I really do hope you see this letter because it truly was meant to be a heartfelt “thank you” for your positive message about being cool by being you! I do hope people realize that when we call out these companies for their bad behavior , that is just the beginning. We need to demand realistic sizing and photo-shop disclaimers in print advertising! Our true power is in our wallet. Money talks and when it isn’t flowing into their cash registers they will listen. As for me, the next time someone asks me “Really!! What do you eat” I will reply “Really, you want to know?? Take me to dinner, and bring your AMEX”

Mary

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Anonymous
336 days ago

Ellen, Please let's not forget that there are plenty of girls & women in this country that are a size 0 or 00 or 4 that are ridiculed daily for being too thin and are made to feel inadiqut thanks to today’s popular slogans like "Real Women Have Curves" and being excluded from Doves “Real Beauty” ads. My daughter is one of those girls. From grade school to young adulthood, my daughter has not lived a single day without someone commenting on how thin she is or making a wise crack like “go eat a burger”. I find it unfortunate that no one understands how comments like these can be just as hurtful as if your were to meet a larger person and then comment “gosh you’re really fat”. One young man, a perfect stranger, came up to her and told her she looked like a holocaust victim. She’s been harassed at work as well but the boss does nothing. I’m sure if it were ongoing comments to a larger person he’d have been fired. My daughter is now a young adult and it’s to the point she dreads going to work and is afraid to meet new people because she knows she’s going to hear comments about her size. Please note: My daughter has tried everything to gain weight. At one point, she was drinking up to 5 cans of coke a day. She also tried carbs, milkshakes and fast food but really, should she have to sacrifice her health and her teeth for social acceptance?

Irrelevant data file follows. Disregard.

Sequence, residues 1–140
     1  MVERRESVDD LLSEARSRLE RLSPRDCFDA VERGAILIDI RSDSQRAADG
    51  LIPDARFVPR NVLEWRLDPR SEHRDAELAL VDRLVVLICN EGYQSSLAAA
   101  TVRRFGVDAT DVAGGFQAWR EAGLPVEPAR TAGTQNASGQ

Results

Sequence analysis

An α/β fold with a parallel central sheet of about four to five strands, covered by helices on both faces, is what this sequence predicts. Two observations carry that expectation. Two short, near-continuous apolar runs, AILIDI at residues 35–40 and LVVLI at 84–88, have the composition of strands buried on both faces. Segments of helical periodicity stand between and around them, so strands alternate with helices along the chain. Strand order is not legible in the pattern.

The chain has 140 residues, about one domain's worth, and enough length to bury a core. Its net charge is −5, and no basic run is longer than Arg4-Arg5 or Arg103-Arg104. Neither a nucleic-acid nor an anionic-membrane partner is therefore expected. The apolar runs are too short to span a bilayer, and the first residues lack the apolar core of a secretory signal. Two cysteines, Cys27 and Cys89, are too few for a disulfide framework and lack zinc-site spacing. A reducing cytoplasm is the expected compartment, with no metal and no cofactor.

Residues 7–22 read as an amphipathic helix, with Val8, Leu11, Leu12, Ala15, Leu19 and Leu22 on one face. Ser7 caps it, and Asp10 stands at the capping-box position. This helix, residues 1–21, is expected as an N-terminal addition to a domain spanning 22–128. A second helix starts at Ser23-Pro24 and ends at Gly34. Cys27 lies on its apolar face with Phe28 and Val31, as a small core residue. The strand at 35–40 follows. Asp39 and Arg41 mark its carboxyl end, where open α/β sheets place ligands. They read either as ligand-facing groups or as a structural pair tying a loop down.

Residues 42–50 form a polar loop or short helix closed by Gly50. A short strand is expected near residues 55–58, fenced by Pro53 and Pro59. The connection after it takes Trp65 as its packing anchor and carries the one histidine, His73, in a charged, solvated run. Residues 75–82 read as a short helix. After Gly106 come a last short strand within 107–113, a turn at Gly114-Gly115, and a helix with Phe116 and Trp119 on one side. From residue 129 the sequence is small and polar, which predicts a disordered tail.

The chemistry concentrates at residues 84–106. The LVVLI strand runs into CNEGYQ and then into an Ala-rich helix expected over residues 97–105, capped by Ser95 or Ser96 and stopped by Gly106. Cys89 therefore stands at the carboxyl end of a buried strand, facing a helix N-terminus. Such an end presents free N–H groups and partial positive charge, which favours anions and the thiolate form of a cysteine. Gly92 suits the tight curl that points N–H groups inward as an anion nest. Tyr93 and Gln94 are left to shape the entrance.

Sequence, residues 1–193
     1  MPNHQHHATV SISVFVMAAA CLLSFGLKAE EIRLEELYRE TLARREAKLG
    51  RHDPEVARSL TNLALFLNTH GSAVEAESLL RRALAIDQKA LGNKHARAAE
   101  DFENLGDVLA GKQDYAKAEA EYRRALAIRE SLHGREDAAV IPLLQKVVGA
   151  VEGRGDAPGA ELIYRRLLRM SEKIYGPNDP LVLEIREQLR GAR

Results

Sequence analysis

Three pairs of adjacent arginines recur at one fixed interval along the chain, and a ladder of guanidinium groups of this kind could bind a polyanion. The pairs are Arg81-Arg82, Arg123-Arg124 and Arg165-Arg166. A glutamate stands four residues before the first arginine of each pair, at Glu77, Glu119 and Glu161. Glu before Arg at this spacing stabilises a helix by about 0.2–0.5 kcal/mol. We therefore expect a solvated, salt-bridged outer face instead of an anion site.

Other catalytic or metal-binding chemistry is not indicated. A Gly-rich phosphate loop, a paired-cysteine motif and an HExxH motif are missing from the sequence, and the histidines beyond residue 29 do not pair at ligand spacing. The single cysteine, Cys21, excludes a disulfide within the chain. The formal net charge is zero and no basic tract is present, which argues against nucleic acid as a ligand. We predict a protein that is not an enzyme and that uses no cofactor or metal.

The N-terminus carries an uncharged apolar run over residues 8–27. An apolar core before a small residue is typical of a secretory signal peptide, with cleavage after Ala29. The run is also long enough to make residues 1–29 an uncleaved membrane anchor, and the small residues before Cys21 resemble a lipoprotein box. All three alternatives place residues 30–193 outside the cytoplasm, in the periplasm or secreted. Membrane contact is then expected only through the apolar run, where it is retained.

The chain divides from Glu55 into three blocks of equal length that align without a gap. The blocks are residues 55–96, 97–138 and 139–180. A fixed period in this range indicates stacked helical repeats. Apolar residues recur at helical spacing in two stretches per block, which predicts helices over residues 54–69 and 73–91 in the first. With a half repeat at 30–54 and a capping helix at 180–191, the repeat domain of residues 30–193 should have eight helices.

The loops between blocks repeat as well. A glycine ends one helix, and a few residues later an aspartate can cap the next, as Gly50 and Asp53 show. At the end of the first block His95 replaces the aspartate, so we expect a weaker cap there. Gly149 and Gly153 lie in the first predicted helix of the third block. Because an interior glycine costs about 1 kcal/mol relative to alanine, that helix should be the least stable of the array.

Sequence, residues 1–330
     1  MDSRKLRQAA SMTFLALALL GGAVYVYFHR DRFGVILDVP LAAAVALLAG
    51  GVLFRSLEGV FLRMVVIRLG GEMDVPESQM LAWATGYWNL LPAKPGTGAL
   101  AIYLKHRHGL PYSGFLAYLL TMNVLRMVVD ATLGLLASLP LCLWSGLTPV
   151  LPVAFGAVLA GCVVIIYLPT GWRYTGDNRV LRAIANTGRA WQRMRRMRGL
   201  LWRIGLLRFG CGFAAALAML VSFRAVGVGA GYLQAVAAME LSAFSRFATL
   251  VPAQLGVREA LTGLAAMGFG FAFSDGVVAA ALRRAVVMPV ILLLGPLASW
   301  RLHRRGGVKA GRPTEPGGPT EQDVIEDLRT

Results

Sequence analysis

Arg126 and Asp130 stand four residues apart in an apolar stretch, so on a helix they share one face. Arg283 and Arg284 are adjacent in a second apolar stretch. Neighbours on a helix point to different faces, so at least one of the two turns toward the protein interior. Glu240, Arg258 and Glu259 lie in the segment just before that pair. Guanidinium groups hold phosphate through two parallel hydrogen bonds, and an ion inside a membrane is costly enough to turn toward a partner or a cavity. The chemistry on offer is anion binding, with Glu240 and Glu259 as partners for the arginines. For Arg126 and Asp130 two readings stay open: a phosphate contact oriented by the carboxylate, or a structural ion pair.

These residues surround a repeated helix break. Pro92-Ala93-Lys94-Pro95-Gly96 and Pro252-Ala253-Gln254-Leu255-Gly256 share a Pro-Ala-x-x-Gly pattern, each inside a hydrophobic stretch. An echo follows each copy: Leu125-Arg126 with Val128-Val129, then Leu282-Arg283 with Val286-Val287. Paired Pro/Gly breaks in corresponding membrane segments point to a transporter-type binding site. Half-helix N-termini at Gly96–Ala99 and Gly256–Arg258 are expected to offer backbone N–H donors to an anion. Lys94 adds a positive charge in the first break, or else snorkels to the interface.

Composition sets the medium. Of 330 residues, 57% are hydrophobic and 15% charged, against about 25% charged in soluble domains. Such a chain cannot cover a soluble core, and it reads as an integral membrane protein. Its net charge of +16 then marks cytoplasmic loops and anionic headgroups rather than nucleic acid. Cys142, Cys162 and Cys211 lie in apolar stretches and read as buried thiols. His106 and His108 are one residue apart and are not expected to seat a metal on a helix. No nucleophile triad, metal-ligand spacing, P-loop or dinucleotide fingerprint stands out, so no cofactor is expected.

Friday evening, I came home to my daughter crying in bed (as I have many times in her life) after she watched your video “Fitch Please”. Your knock, knock joke about size 0 made her to feel as if she doesn’t or shouldn’t exist. If you really meant it that size doesn’t matter, why did you have to make a joke at the expense of thin girls? Being a single mom who doesn’t have the luxury or time watch daytime TV (I don’t have cable either) so I’m not sure if any of you ever looked into the issues thin girls have to endure but perhaps it’s time people start “seeing them”. Or, will we wait until the teasing gets so bad that one of these thin girls chooses not to exist. Check out this link: http://theskinnygirlproblems.com/

My daughter is thin the way that God meant her to be. She is beautiful inside and out and is absolutely in every way a Real Woman!